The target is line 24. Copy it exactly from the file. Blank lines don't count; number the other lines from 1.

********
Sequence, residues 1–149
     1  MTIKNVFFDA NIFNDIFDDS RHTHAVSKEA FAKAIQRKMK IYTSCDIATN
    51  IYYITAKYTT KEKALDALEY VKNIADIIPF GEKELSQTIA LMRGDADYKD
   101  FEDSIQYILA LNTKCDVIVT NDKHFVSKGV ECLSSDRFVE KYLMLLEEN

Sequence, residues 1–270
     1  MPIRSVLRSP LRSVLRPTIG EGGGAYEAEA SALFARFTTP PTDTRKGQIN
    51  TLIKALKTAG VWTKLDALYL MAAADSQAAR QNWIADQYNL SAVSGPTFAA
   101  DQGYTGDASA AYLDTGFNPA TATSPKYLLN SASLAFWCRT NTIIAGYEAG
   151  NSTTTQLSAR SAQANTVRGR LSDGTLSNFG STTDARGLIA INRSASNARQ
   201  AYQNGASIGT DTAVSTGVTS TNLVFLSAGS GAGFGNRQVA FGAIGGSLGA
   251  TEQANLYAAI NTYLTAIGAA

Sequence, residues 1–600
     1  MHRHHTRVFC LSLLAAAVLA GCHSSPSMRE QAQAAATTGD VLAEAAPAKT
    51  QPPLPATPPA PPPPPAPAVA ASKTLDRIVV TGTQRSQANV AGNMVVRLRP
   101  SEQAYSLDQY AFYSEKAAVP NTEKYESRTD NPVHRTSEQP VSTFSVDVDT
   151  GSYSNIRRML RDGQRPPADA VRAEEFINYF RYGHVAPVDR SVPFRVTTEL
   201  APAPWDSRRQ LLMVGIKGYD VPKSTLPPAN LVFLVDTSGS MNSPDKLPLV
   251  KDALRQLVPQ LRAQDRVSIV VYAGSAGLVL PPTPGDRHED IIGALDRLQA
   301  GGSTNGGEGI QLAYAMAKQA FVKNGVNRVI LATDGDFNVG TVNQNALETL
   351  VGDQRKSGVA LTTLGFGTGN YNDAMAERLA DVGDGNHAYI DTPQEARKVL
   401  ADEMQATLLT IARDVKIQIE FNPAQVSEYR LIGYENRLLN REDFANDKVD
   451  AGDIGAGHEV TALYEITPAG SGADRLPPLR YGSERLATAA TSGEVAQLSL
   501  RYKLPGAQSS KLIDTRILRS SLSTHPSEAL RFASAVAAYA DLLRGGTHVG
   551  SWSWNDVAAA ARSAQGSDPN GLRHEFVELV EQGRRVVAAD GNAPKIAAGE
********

   551  SWSWNDVAAA ARSAQGSDPN GLRHEFVELV EQGRRVVAAD GNAPKIAAGE